DayBreaks for 1/19/17 – Admiration or Imitation?

DayBreaks for 1/19/17: Admiration or Imitation?

Note: Galen is traveling this week so he’s recycling some old DayBreaks.


I am constantly amazed at the diversity of God’s creation.  Why, there are enough breeds of dogs alone, to keep my little mind fascinated endlessly, let alone all the other kinds of animals.  Diversity can be good.  Too much of the same old thing is considered dull and boring – and we tire quickly of the “same-old, same-old.” 

As much as we might enjoy diversity and appreciate that it delivers us from boredom, there are times when we don’t really want it.  We don’t want to go to the jeweler to buy a ring and be told that it is 23k gold, only to find out that it’s not really gold, or not really 23k.  If you pay for an original “one of a kind” work of art, you’d be disappointed to find out that it wasn’t really “one of a kind”, or that it wasn’t really unique. 

When it comes to being a Christian, we would hope to only find the genuine article.  However, Soren Kierkegaard described two different kinds of Christians: those who imitate Jesus Christ and a second type, a much cheaper brand – those who are content to admire him.

I think Kierkegaard has struck a chord to which we need to listen.  It really isn’t hard to admire Christ.  Many in the world, even those who aren’t Christians, admire Jesus.  The ethical quality and spiritual nature of his teaching has never been equaled in the history of the world.  And so he is admired.  Admiration doesn’t cost us anything.  But imitation costs us our lives.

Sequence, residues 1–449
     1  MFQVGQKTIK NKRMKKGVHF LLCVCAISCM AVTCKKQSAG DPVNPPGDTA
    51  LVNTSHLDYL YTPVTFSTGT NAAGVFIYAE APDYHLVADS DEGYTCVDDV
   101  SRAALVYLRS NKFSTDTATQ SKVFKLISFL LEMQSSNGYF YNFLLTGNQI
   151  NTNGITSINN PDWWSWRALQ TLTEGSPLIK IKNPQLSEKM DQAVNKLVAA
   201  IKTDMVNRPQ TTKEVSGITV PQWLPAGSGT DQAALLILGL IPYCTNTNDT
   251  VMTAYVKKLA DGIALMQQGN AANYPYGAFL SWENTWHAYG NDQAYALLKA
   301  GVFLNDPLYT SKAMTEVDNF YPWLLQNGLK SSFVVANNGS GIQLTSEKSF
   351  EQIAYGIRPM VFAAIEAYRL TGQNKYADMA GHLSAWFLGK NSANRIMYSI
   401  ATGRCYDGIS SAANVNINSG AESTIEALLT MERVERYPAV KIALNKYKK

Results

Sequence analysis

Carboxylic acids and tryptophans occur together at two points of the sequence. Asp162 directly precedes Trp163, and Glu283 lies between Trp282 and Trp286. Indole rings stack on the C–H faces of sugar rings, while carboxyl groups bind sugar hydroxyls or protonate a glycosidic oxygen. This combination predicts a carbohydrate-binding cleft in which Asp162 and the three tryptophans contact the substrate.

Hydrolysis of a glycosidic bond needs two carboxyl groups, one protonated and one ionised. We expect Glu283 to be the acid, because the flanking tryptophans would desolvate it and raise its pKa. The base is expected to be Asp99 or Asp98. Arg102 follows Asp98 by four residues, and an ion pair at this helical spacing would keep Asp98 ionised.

I have a hunch that Judas admired Jesus.  Would he have followed Jesus for 3-1/2 years if he didn’t at least admire him?  I think not.  Admiration of Jesus doesn’t make us disciples, nor does it make anyone a Christian.  It is only acceptance by faith of Jesus, and a life of discipleship – of imitation of the life of Christ – that makes us Christians.  To that extent, I think Kierkegaard was wrong – there is truly only one kind of Christian – one who imitates Christ in their thoughts, words and actions.  The other is a false Christian – the kind to whom Jesus would say, “Depart from me, I never knew you.”

What kind of Christian are you?

PRAYER:  Lord, we want to be true disciples, yet we are afraid at times of where You may lead us and what our discipleship may cost us.  Help us to believe the truth – that no matter what the cost, it will be well worth it for the wonder of truly knowing Jesus.  In Jesus’ name, Amen.

Copyright 2017 by Galen Dalrymple.

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